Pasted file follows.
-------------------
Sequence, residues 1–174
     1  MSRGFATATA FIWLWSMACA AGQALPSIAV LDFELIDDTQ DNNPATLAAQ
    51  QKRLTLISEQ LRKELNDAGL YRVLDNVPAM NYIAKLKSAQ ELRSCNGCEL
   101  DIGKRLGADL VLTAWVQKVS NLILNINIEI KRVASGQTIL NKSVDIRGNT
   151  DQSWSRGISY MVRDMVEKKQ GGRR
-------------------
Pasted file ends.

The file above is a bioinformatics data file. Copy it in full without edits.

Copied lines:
Sequence, residues 1–174
     1  MSRGFATATA FIWLWSMACA AGQALPSIAV LDFELIDDTQ DNNPATLAAQ
    51  QKRLTLISEQ LRKELNDAGL YRVLDNVPAM NYIAKLKSAQ ELRSCNGCEL
   101  DIGKRLGADL VLTAWVQKVS NLILNINIEI KRVASGQTIL NKSVDIRGNT
   151  DQSWSRGISY MVRDMVEKKQ GGRR